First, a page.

Dr. Humam Akbik was born in Syria. He now lives in the Tri-State, but his mom, sister and brother still live in Damascus.
As the military operation got underway Friday night (Saturday morning in Syria), Akbik said he received a text from his wife's family that the city was shaking and there was smoke everywhere.
"We couldn't get in touch with them for a few hours," he said. "That was pretty unnerving."
Thankfully, Akbik's family members were all OK.
Akbik said he hopes the airstrikes were effective in sending a message to the Syrian government that the use of chemical weapons isn't acceptable.
"It looks like there's a new norm of using chemical weapons ... I think it's time for the international community in such a civilized world to step in and say, 'No. The use of a chemical weapon, it's never going to be the norm,'" Akbik said. "There will be a line drawn in the sand and it's going to be a hard line this time. We'll stop it no matter what."
Akbik is part of a nonprofit organization called Atlantic Humanitarian Relief. Within a week, he'll be on his way to Jordan to help refugees.
"It's fascinating and amazing when you see how the good in humanity is still there," he said.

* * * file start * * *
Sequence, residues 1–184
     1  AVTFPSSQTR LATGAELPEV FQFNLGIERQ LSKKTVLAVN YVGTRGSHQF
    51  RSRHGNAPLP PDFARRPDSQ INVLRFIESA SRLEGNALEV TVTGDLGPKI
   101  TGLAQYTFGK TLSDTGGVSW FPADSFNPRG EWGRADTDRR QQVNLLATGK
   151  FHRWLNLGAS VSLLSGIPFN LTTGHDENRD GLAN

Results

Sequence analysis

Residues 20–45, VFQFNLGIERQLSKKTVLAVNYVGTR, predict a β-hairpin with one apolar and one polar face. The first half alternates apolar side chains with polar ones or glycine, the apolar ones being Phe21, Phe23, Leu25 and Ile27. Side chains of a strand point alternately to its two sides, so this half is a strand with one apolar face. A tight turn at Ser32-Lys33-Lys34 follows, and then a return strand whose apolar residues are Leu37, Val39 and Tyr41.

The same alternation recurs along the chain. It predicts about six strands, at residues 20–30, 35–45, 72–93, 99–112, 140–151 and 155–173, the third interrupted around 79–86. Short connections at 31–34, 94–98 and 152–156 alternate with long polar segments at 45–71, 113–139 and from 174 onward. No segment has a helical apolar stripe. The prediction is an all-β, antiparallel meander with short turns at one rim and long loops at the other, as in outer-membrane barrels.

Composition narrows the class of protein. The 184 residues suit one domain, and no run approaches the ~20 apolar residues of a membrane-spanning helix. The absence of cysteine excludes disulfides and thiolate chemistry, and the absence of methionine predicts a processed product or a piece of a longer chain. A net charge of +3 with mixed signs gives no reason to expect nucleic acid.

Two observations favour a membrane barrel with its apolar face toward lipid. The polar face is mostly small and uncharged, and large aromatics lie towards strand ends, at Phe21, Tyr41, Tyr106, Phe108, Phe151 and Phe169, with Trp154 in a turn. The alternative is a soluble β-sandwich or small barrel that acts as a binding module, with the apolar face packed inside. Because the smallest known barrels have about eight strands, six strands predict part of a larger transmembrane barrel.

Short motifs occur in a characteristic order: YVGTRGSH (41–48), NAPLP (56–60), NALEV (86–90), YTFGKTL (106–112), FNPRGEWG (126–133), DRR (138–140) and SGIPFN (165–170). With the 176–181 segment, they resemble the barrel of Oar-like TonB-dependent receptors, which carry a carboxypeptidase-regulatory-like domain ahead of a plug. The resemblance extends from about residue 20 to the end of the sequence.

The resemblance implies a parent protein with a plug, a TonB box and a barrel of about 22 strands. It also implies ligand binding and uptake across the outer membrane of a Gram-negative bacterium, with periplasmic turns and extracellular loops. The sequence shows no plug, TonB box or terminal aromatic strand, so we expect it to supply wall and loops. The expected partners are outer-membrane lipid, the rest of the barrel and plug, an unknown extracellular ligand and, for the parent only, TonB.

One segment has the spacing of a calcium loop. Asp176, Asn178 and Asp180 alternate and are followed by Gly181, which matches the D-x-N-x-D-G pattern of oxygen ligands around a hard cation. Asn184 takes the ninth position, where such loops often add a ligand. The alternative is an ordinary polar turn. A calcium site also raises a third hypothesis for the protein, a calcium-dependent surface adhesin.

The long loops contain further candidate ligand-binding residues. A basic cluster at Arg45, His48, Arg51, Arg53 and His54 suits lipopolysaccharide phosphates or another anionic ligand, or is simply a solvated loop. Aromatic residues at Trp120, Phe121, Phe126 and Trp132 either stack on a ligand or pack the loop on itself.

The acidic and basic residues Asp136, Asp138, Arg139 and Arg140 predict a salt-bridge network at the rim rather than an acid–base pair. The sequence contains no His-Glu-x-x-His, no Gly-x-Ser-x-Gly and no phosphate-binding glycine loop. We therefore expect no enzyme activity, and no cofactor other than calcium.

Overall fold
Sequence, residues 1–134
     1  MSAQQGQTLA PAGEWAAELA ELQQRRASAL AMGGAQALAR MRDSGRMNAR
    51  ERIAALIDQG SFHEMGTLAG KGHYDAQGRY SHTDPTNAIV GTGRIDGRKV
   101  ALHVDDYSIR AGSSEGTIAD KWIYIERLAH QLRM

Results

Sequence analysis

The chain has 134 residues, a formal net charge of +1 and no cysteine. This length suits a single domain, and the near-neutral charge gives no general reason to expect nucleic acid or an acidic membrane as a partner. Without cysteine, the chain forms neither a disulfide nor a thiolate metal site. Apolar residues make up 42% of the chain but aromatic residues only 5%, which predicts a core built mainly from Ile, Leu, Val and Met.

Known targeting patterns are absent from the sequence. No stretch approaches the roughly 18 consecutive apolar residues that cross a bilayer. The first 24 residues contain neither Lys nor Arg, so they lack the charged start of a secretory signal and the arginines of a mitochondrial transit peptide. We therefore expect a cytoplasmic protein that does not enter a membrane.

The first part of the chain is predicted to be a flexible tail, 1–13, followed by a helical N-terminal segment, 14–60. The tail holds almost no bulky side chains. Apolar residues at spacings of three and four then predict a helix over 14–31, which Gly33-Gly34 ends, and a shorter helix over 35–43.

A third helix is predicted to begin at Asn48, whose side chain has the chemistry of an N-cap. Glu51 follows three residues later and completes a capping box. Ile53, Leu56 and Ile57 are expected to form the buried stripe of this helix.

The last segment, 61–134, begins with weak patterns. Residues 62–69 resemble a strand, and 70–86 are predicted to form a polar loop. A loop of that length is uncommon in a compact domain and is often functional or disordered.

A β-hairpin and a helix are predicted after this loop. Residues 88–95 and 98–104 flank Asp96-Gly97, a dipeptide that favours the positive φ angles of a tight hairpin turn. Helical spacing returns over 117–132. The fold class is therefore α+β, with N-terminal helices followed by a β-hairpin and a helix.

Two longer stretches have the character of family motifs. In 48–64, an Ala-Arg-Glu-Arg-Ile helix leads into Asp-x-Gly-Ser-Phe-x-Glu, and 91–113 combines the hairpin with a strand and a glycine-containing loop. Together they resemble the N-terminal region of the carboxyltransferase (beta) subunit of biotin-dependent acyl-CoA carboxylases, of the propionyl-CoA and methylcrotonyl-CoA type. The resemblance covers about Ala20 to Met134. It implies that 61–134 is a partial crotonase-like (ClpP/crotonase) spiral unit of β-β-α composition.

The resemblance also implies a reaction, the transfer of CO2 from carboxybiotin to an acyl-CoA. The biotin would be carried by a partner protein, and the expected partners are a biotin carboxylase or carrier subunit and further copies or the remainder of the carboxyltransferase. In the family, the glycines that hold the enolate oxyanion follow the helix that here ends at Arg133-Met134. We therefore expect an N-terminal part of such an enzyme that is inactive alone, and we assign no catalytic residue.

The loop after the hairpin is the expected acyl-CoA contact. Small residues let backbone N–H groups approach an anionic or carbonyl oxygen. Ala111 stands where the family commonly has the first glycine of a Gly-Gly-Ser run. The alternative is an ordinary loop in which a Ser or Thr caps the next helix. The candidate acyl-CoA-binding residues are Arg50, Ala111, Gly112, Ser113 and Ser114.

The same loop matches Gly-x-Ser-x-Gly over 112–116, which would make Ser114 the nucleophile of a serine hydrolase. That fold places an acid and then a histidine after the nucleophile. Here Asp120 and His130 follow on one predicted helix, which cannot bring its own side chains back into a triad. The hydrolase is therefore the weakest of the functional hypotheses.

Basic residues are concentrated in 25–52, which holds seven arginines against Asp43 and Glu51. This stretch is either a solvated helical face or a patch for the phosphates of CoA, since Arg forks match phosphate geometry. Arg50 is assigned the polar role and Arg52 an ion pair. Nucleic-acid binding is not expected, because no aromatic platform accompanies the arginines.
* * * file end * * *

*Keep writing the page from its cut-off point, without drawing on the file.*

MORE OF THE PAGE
The organization delivers medical and dental help, including providing medications for refugees. They even teach English, math and physics. Akbik said there's power in knowledge.
"Each person will be able to fight back against terrorism," he said. "To extend, and be a part of the solution, rather than being a part of the problem."
Above all, the group aims to give people hope.
"We let them know, 'Don't be despaired because there are people outside who still care about you, think of you, and who are trying to do their best to help you,'" Akbik said. "In my opinion, this is priceless. When you go and give hope to someone you don't know, you try to give them a new boost to life, that's absolutely priceless."